The great composer/lyricist/writer Stephen Sondheim turns 90 on the 22nd of March. The media is chock-a-block with features, testimonies, and love letters to the man who has dominated the musical theatre for the past 60 odd years. I have my own personal memory of an enjoyable evening in his company that I’ll related later but I thought for today’s little bit of music I’d delve into his extensive catalogue.
It would be easy to pick something that had deep significance for the times we live in but I thought a better choice would be a number from his first success as a composer and lyricist in 1962: A Funny Thing Happened On the Way to the Forum.
Apparently the show was pretty much dying during its tryouts on the road and Jerome Robbins was brought in to do some doctoring. The first thing he suggested was a new opening number to introduce the show as a bawdy, rowdy comedy. Sondheim came up with Comedy Tonight. You couldn’t get more direct than that.
I’m putting up two versions – the first is that theatrical dynamo Zero Mostel, who was the first Pseudolus recreating a bit of that opening at the 1971 Tony Awards:
In the 1995 revival Nathan Lane played the freedom-seeking slave. Here’s a more completely stage version of that great opening number:
A few years ago – actually more like twenty-five but time passes quickly – Sondheim gave an informal lecture/interview at the National Archives in Ottawa. A few things stuck in my mind from the talk and the drinks with him afterwards. A rather annoying lady persistently attempted to get him to dis Andrew Lloyd Weber during the Q&A; it just wasn’t going to happen. Each time he voiced his admiration for ALW and the wide spectrum that music theatre encompassed. Though by the third or fourth attempt his annoyance was beginning to show, unlike his questioner, he was never rude. It was the reaction of a gentleman and a colleague.
Later a small group was gathered for drinks and when I approached him and called him Mr. Sondheim he chuckled and said “please call me Steve”. He told me about his great admiration for Canadian composer Leslie Arden whose Martin Guerre was being workshoped at the time. Somehow the conversation got around to British musical star Julia McKenzie and I mentioned that I had seen her in the original cast of Side By Side By Sondheim back in 1976. He very charmingly suggested that I must have been in my mother’s arms when I saw it. He also expressed his great admiration and love for McKenzie, which made two of us. So to end this mini-tribute to “Steve” here she is singing a number that I recall from that evening in Wyndham’s – and yes, he was correct, I was a mere infant at the time.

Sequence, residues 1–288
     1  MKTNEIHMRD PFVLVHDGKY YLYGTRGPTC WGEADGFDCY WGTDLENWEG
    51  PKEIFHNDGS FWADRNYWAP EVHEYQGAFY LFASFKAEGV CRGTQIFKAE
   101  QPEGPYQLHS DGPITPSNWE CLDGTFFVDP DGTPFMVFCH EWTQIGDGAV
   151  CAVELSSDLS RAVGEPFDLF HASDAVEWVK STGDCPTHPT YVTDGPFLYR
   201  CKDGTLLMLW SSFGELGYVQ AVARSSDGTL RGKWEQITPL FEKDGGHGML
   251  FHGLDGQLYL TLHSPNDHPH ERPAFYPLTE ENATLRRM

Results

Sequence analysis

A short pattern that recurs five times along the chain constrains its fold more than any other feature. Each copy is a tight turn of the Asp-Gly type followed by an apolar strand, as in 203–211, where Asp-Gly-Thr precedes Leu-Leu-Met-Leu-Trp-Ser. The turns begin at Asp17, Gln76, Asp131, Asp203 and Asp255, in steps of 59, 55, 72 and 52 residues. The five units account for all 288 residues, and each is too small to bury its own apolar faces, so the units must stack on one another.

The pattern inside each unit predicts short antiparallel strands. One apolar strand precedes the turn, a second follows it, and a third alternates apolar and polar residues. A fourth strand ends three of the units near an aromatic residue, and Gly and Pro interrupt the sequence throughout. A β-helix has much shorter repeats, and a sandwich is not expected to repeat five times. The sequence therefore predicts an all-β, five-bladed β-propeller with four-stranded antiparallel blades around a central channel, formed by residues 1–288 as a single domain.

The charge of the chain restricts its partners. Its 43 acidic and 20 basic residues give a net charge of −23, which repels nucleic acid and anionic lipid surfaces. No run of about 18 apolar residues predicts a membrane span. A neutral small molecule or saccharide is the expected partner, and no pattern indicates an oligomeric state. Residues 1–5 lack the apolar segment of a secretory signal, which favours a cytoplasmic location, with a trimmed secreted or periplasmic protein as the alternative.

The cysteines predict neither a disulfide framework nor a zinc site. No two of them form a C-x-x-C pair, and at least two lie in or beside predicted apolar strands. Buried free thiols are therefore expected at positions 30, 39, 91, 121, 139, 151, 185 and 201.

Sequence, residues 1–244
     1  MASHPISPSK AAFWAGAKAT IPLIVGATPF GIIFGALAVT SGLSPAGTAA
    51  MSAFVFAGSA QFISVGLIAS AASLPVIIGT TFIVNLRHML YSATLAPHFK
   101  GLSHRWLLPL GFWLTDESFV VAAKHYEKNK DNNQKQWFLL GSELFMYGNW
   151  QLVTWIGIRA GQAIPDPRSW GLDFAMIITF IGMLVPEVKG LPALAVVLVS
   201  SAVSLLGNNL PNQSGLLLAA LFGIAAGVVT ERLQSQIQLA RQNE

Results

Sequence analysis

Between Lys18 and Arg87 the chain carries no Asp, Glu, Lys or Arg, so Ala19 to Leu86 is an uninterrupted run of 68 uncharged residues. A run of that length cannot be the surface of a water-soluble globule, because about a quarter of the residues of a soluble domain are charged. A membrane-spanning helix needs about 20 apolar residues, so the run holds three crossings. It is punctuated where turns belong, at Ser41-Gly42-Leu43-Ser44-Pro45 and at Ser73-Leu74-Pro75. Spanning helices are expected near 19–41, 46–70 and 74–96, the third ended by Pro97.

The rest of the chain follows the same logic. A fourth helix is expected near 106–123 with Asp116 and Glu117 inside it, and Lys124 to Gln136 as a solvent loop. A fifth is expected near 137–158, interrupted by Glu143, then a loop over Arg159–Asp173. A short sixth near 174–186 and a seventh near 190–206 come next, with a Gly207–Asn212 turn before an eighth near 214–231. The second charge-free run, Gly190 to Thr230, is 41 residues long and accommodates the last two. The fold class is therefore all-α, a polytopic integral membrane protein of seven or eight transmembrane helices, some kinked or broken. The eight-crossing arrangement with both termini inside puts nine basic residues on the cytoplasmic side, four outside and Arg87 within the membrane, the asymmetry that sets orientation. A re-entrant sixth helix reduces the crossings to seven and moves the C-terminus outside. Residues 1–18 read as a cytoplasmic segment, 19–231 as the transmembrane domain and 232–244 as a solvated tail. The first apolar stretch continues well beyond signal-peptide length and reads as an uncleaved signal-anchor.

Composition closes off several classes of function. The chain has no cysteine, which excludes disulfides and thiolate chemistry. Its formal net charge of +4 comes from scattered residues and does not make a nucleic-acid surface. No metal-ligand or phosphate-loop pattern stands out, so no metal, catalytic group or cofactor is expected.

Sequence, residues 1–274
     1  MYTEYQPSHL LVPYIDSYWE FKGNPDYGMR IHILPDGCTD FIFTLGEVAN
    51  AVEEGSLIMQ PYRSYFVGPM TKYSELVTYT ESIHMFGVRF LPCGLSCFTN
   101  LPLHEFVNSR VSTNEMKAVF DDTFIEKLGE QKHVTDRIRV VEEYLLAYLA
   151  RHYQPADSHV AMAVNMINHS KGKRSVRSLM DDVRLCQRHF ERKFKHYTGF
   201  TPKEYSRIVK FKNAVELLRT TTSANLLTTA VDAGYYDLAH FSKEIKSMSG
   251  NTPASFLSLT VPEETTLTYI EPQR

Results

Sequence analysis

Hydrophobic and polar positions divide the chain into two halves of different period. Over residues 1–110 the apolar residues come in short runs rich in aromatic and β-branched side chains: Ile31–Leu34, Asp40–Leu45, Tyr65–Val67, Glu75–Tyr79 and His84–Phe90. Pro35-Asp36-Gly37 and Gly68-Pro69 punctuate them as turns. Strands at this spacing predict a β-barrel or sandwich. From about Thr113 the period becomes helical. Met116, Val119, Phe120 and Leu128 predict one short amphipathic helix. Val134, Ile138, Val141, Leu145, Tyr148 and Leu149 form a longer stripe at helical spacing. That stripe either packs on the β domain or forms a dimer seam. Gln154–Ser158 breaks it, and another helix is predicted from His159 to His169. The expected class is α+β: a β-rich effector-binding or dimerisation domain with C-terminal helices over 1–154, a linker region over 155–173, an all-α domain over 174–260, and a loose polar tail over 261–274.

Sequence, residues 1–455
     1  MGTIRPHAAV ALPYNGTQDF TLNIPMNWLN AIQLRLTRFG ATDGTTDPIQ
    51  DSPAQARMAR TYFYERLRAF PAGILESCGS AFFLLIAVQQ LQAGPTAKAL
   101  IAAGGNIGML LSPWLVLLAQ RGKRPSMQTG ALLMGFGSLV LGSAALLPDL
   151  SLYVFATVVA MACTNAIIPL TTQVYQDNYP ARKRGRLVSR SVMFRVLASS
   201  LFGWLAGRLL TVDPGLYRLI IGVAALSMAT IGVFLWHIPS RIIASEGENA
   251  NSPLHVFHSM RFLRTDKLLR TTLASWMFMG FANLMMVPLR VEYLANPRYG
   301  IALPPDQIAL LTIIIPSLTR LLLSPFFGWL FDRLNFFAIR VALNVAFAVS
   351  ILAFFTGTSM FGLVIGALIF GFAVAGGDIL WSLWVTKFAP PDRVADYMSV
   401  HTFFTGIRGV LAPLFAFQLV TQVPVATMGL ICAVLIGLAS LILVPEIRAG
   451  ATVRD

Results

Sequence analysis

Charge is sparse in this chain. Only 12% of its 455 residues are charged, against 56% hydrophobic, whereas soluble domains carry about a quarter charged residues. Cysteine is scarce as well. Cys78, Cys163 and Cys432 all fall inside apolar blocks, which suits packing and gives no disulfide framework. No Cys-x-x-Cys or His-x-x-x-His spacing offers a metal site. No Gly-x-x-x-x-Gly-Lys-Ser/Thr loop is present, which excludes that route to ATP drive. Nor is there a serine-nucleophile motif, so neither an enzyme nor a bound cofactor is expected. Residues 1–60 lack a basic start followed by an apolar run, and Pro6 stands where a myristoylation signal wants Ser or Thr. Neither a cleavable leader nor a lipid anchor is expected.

Happy 90th Birthday Mr. Sondheim, oh what the heck, Steve!
The word for March 18th is: Comedy /ˈkämədē/ /ˈkɑmədi/: [countable noun] Professional entertainment consisting of jokes and satirical sketches, intended to make an audience laugh. A depiction of amusing people or incidents, in which the characters ultimately triumph over adversity. Late Middle English (as a genre of drama, also denoting a narrative poem with a happy ending, as in Dante’s Divine Comedy): from Old French comedie, via Latin from Greek kōmōidia, from kōmōidos ‘comic poet’, from kōmos ‘revel’ + aoidos ‘singer’.
Telling the stories of the history of the port of Charlottetown and the marine heritage of Northumberland Strait on Canada's East Coast. Winner of the Heritage Award from the PEI Museum and Heritage Foundation and a Heritage Preservation Award from the City of Charlottetown